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* women of Sparta, Argos, Athens, and Co“ rinth, of whom I have heard so much. You “ have, moreover, in the man who healed the « wound of your foot, the properest person in the « world to describe and explain to you every 5 thing which relates to Greece.” “ If it be your « wish,” replied Darius, “ that I should first make a « military excursion against Greece, it will be pro" per to send thither previously fome Persians as “ spies, in company with the man to whom you “ allude. As foon as they return, and have in« formed me of the result of their observations, “ I will proceed against Greece.”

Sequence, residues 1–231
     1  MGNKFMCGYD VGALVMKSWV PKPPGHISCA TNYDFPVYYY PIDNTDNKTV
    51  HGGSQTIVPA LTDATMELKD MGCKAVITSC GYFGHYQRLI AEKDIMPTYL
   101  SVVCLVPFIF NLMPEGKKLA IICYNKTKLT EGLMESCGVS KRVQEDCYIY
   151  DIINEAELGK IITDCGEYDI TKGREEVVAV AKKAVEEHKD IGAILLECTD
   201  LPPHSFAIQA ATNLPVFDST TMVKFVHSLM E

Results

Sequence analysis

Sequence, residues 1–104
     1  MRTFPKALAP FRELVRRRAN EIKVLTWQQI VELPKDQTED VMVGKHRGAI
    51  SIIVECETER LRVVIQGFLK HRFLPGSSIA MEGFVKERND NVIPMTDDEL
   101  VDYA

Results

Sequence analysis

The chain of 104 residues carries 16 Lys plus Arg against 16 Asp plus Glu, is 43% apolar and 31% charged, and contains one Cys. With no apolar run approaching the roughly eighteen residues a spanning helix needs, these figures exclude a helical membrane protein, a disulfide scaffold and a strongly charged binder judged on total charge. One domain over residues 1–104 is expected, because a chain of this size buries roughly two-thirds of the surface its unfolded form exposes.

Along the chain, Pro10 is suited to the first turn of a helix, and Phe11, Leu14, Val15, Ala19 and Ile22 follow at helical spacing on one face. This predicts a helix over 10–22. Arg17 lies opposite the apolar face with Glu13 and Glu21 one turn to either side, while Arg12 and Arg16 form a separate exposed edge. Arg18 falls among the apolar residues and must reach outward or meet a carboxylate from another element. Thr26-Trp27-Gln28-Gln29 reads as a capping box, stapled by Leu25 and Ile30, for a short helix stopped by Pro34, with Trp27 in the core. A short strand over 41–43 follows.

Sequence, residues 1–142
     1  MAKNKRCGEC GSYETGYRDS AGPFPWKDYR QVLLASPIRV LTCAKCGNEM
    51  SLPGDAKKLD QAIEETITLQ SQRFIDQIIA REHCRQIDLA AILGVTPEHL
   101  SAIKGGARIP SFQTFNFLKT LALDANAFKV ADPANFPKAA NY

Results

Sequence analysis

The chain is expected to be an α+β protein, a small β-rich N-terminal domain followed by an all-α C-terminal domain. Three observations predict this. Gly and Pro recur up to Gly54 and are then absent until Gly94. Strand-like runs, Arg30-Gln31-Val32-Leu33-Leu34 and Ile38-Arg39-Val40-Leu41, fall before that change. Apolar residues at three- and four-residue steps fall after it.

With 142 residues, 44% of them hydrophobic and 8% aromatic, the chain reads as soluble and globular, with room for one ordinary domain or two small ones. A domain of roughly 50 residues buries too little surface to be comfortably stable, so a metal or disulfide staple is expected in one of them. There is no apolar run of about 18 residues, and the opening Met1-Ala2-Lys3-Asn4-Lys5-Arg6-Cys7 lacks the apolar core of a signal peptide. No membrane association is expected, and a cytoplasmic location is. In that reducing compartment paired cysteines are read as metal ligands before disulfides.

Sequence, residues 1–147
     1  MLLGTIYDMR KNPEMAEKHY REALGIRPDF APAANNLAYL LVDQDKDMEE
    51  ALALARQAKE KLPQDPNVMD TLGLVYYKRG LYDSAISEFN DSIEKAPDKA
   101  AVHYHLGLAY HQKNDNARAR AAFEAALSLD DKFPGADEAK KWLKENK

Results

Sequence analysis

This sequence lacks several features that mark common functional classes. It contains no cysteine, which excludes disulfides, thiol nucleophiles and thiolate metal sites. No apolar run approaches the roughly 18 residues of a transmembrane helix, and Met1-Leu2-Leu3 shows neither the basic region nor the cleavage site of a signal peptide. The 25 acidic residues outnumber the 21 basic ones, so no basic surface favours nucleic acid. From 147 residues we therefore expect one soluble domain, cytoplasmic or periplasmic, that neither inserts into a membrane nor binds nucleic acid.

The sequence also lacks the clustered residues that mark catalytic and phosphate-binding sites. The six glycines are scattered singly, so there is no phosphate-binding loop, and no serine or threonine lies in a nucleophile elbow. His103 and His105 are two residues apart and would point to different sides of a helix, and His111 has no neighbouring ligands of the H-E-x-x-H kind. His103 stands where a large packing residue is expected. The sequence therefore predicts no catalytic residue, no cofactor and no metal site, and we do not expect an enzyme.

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CXXXV. Darius having delivered his fentiments, no time was lost in fulfilling them. As soon as the morning appeared he sent for fifteen Persians of approved reputation, and commanded them, in "company with Democedes, to examine every part of the sea-coast of Greece, enjoining them to be very watchful of Democedes, and by all means to bring him back with them, When he had done this, he next fent for Democedes himself, and after desiring him to examine and explain to the Persians every thing which related to Greece, he enr. treated him to return in their company. All the valuables which he possessed he recommended him to take, as presents to his father and his brethren, assuring him that he should be provided with a greater number on his return. He moreover informed him, that he had directed a veffel to accompany him, which was to be furnished with various things of value. In these professions Darius, as I am of opinion, was perfectly sincere; but Démocedes, apprehending that the king meant to make trial of his fidelity, accepted these proposals without much acknowledgment. He desired, however, to leave his own effects, that they might be 'ready for his use at his return; but he accepted the vessel which was to carry the preients for his family. Darius, after giving these injunctions to Democedes, dismissed the party to prosecute their voyage.